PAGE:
Laura left for Oregon right before Jungle Habitat, which was the MTB State Championships… The course was “gnarly,” very technical, and I’d ridden the course a few times, was ready to rock and roll. However, come race day, I felt like almost a part of me had left when she had left, like I was missing something… Hmmm, dunno if it’s the most professional thing in the world to write about these things, but I’m an incredibily honest person and always like to keep it straight. That way at States, I still rode well, took 5th, but in those woods I was uninspired and empty… Just… blah…

However, off the bike that day was a SMASHING success — THREE Elite Endurance riders took home State Championships, two others podiuming… Seeing this first-hand, I knew right then and there I was becoming more coach and less athlete, and here I am, in my athletic peak, saying this — but it’s true… Seeing these athletes do well means MUCH more to me than me winning the State TT or the TT Cup overall…

For SEPT, I had pretty much just ridden my MTB for fun, no true hammering or training, just riding, getting better over rocks, off-camber stuff, just getting acclimated to these very technical north Jersey trails…

And in the back of my mind, I was preparing for cross, not like peaking for States or anything, just finding respectable shape (I think I really want to maul cross 100% in 2011). I do want to race the NJ State Championships in Hidden Valley on NOV 7, maybe race through NOV, then shut it down completely. MTBing aside, I’ve been on the PowerCranks, doing plenty of Tempo work…

I just picked up a WICKED cross bike, a full race rig — the Full Tilt Boogie from Van Dessel, which is a new sponsor of the Elite Endurance CX team (along with Van Dessel, PowerCranks, Campmor, and Hammer Nutrition, Elite Endurance will be sponsoring a few select riders this year for cyclo-cross).

In late-September, I did do a final CRCA Central Park race for Blue Ribbon, but when I awoke that morning at 4:45, something felt wrong. My head hurt, I was covered in sweat, but I had the chills… Still, I was up, had planned to race, didn’t want to let the team down. However, once in the peloton, something felt wickedly wrong, and I had to pull out after 3 laps. I came straight home and laid in bed for the next 3 days, just black coma — I’m certain it was the flu, had all the symptoms…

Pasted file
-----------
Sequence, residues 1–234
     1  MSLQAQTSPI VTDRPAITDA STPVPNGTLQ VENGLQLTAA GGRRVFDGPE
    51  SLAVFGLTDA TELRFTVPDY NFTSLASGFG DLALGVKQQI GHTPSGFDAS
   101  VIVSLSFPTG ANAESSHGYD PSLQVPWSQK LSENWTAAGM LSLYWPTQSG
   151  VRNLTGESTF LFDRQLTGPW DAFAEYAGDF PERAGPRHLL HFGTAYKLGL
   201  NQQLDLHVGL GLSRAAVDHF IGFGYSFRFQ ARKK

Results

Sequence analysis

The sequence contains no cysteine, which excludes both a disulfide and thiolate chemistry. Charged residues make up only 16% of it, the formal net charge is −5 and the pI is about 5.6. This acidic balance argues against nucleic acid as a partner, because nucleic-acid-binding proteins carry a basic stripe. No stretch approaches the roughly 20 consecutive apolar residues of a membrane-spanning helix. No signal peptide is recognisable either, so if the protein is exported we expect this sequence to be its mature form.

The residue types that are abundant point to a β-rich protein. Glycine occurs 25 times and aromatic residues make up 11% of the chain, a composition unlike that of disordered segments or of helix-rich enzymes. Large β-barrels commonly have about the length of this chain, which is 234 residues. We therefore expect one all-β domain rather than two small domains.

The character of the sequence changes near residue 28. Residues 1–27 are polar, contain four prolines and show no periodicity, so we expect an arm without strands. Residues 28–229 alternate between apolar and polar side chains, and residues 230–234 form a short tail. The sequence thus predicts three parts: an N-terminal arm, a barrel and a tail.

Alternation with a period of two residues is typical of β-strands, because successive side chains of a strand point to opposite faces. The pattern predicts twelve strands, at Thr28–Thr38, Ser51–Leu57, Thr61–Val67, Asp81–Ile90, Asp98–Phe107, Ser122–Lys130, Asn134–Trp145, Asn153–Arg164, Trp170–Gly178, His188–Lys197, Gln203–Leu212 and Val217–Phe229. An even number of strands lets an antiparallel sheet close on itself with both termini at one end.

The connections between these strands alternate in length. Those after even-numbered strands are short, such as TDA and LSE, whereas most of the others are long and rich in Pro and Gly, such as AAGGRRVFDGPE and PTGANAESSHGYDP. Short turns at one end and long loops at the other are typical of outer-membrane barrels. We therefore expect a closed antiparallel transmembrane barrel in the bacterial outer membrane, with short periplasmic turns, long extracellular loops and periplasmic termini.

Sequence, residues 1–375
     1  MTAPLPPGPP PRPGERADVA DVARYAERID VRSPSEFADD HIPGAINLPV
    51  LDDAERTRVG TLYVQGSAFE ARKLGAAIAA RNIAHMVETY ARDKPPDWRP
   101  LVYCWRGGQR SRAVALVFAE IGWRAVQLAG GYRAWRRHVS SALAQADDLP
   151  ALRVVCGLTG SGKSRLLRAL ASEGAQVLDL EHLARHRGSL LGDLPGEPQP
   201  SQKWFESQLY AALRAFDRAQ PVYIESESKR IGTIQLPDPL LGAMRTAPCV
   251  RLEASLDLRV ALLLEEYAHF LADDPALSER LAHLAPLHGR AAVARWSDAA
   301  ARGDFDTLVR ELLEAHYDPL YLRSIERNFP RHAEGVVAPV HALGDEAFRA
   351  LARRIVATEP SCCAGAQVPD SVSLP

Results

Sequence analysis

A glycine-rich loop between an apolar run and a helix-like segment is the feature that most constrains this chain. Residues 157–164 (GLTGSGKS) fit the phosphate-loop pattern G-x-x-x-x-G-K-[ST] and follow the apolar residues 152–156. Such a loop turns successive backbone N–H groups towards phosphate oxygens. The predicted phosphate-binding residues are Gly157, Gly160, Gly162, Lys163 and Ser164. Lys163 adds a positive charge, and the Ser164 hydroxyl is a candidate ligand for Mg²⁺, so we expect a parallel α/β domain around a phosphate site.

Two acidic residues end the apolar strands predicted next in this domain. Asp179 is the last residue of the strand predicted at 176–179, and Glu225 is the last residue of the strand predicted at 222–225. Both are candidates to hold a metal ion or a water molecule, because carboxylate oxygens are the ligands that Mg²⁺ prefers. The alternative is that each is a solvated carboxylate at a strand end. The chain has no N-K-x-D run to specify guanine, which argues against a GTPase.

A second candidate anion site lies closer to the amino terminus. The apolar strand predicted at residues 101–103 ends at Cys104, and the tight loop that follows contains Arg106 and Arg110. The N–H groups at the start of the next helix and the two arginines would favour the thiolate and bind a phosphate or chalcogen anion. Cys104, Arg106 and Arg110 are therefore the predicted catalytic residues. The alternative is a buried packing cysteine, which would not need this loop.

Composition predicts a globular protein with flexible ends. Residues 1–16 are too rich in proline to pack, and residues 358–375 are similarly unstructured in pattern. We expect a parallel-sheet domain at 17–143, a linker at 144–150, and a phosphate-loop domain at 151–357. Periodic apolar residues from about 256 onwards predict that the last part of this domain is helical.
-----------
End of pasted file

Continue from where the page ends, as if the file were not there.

When you come back after being sick, with the forced rest, you can feel like Superman. The final MTB race of the year, the Ringwood Leaf Blower, came up so fast, just 6 days later. I’m not the most spiritual person in the world, am really just this realist, but at that race I kept on thinking of my best friend in Oregon, knowing she had grown up in Ringwood and had ridden these very same trails for so many years, and she’d JUST been here in NJ and I was still thinking about her… In a way, at that start line, I just felt inspired, scary, just violent inspiration out of NOWHERE, just this wonderful energy that reaches out and touches you.

I mean, Ringwood is a tough course, techy, hilly, and I’m still exponentially more roadie than MTBer, but in the race, I felt like a different rider, was doing things on that mountain bike I’d never done before… I was in the top-6, and then on first techy climb, I couldn’t believe I had cleared everything and found myself in 3rd, then 2nd… Out there, I found myself loving these woods, ripping over the rocks, finally feeling the finesse, just feeling nature underneath me, just a beautifully raw sensation. I suppose this is “the zone,” just seeing obstacles in front of you and instantly creating solutions to these problems, uncannily intrinsic, completely in tune with the effort.

The final lap was just magic — I was FLYING out there, totally surreal, just felt so strong, foom foom foom foom everywhee, everything happening so naturally, and I ended up catching the leader on the most technical part of the course — the treacherous switchbacks. I just RIPPED up them. Whoever would’ve thunk the roadie would catch the leader HERE?

But, hard to explain — just golden strength in the woods. That’s all. You pray for days like this to happen, and for it to occur, in the MTB mecca that is Ringwood, it was just an incredible experience. All day long I was smiling and digging and pushing, just smiling snarling snarling smiling, just loving the woods and the energy I was getting from them. I almost felt like, in some way, I was riding through HOME…

I was able to finish strong and win the race, just surreal. I hadn’t planned on it, hadn’t trained for it, hadn’t ridden the course. But sitting at the line, then riding in those woods, I just felt a desire, an elation, just felt I had something special to give…

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In the end, people will see I won that race, see my name in 1st place, and all day at Ringwood people were asking me what had happened, lol — “Where did THAT come from?” I just told people I was on a good day, was just in tune with the trails, just had that “flow”…

But that really wasn’t the truth.

Inspiration is a scary thing, perhaps THE most powerful tool in any athlete’s arsenal.

I just wanted to win the gold medal and wrap it around my best friend’s neck.

Thank you, Mami Eskimo — that, that was for you.

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Kenneth Lundgren's Diary | Friday, October 15th, 2010 | | |